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Brother against brother

Updated on September 1, 2011
Battle at stones river.
Battle at stones river.

Recently I have found that over twenty of my relatives were engaged in the Civil War. This is a history of their dealings in both Northern and Southern territories.

William Irwin Stewart Was born in Pennsylvania on the 9th of April 1827. He was a farmer and a coal miner and came to the decision to put his work aside for a short period to enter into the heated conflict. He mustered into Company C of the 79th Pennsylvania Volunteer Infantry on 15 October 1862 and mustered out 29 October 1862 at Nashville, TN on a medical discharge for wounds he received at Stones_Riverwhich was a decisive battle during the war and had the highest percentage of casualties on both sides. Upon his return from the war William found that all six of his children passed away. Despite this tragedy William and his wife Mary had six more children that lived.

The Armer brothers

On February 28th, 1862 Robert, Edward, and David Armour enlisted into Company I, of the Georgia 24th Infantry Regiment of the Confederacy. Two of the brothers, David and Edward, fought vigorously throughout the war. Unfortunately on the 6th of April 1865 Edward was apprehended at Farmville Virginia the day before a major battle broke out. waited out the remainder of the war as a POW. He was shortly after released on the 22nd of June 1865 after taking the oath of allegiance to the United states. the oldest brother Robert went AWOL and never returned to service.

The Jones Brothers

Alfred D. Jones joined the Confederate side Regiment Name:1 (Fannin's) Georgia Reserves COMPANY B. Alfred enlisted along with his brother Wiley in the Confederate Army on April 27, 1864 in Company C, of The First (Fannie) Georgia Reserves State Guard, which later became The First Georgia Infantry State Guard. Alfred and his brother Wiley were both captured at The Battle of Utoy Creek in Atlanta, Georgia on August 7, 1864 and was taken as a POW and taken to Camp Chase Prison in Columbus, Ohio. Alfred was at his brother's side when Wiley died on December 4, 1864 from a case of chronic diarrhea which is a common symptom of dehydration. Alfred remained at Camp Chase until the end of the war and was released on June 16, 1865.



Initially all of the Worley brothers Abraham, Henry, and John joined the rebelion in the 64th Regiment, North Carolina Infantry (Allen's) Company. All of them were in the same company, however Abraham was transfered several times and at some point was mortally wounded, although there is no documentation of this occurance. There has been a story handed down through the family that he was present at the battle of Chickamauga where it is believed that he died.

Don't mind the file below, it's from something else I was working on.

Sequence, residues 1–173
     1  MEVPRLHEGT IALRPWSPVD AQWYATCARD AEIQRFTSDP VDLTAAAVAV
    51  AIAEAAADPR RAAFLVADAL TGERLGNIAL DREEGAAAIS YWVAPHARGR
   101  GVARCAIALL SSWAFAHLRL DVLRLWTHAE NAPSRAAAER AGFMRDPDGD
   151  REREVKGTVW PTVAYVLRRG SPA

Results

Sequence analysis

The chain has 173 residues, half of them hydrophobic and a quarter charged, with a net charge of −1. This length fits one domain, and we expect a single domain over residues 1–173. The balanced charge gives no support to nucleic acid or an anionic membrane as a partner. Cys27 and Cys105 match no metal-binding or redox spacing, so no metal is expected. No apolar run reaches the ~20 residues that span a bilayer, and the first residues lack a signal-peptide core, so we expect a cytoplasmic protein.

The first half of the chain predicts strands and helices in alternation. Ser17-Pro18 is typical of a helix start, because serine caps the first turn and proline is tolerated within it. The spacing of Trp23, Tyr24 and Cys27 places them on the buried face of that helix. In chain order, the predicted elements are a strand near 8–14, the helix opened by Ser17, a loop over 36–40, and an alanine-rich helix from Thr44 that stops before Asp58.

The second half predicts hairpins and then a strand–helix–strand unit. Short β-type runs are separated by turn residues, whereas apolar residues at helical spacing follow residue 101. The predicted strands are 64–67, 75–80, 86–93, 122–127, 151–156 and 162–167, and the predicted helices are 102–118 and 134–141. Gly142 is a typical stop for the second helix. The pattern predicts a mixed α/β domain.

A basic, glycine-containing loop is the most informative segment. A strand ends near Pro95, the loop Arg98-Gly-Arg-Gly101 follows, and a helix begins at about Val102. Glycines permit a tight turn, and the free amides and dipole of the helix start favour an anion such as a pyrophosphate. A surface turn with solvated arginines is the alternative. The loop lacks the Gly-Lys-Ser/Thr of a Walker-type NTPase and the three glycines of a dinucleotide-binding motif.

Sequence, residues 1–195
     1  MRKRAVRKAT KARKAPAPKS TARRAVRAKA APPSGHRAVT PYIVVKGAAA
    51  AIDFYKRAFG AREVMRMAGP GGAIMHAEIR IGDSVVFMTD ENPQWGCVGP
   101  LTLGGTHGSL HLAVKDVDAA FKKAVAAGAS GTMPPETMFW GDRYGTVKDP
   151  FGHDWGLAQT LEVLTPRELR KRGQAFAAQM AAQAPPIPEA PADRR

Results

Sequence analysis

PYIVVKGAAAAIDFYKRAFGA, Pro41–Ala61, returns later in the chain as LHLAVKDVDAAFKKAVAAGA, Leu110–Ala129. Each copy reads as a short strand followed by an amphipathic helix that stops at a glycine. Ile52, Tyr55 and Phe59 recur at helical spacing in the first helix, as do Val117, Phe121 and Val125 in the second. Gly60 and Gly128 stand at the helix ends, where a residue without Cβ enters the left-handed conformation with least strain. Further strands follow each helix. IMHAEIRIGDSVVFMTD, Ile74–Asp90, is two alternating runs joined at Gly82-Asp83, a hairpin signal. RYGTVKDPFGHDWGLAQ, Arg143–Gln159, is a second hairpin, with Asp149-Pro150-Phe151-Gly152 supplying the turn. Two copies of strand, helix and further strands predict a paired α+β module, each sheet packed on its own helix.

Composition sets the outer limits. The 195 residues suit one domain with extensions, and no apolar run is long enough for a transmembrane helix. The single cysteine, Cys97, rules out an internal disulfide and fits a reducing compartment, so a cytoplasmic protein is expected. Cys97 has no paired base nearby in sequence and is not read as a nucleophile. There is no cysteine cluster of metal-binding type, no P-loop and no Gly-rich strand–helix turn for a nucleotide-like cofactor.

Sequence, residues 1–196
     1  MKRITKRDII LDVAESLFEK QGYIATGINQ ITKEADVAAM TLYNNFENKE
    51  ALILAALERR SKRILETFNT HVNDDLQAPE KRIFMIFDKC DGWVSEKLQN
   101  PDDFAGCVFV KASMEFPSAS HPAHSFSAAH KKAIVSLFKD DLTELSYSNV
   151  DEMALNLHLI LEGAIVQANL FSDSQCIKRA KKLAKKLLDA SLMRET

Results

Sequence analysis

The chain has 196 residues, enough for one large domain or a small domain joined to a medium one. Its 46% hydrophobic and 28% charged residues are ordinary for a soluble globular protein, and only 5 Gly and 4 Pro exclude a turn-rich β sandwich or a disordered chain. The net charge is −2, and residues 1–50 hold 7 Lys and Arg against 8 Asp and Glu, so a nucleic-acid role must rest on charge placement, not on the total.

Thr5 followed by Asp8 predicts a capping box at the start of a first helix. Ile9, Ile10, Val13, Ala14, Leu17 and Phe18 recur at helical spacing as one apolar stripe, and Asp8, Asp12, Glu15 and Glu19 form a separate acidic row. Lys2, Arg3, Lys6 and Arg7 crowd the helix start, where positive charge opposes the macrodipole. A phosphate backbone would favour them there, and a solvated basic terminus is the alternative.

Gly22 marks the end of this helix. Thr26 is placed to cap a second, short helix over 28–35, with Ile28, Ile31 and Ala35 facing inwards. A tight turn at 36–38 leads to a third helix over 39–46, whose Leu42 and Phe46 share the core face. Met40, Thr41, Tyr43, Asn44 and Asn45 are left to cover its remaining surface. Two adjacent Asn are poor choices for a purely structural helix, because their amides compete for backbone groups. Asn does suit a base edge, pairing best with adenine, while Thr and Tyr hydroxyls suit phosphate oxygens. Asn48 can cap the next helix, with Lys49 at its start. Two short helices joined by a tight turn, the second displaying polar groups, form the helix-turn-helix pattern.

Corporal James Francis Boyd

James enlisted in the Confederacy on 14 may 1862 in Company A, 5th Batalion Cavalry Regiment North Carolina. On 3 Aug 1863 he Transferred into Company I, of the 6th Cavalry Regiment. On 22 June 1863 Corporal Boyd was captured at Wilson's Gap in the State of Virginia. the next day on the march in, he fled the scene and was counted as a deserter.

The Dockerey's at Cumberland gap

Elisha Dockery Enlisted 4 Jul 1861, 2nd regiment company H (Allan's Company) On 8 Feb 1862 he was taken prisoner by the forces of General A. E. Burnside on Roanoke Island and was released on parole at Elizabeth City on the 21st of February. Elisha Joined then the Calvary in Allen's Legion 64th regiment while on patrol where he met up with his brother Franklin. On the 7th of September 1863 the two Brothers found themselves engaged in a three day standoff at Cumberland Gap. Although many people on the confederate side escaped imprisonment, Franklin was among those who were apprehended. He was eventually released from camp Douglas in December after which he was enlisted into the Navy.

Jacob franklin

Jacob and his brother Benjamin were enlisted into the 39th North Carolina Infantry division both brothers decided to desert early on, Jacob quickly went from the ranks of deserter to patriot as he was apprehended and sent to the front lines at Chickamauga where he lost a leg from cannon fire. Benjamin ended up in the hospital but eventually recovered.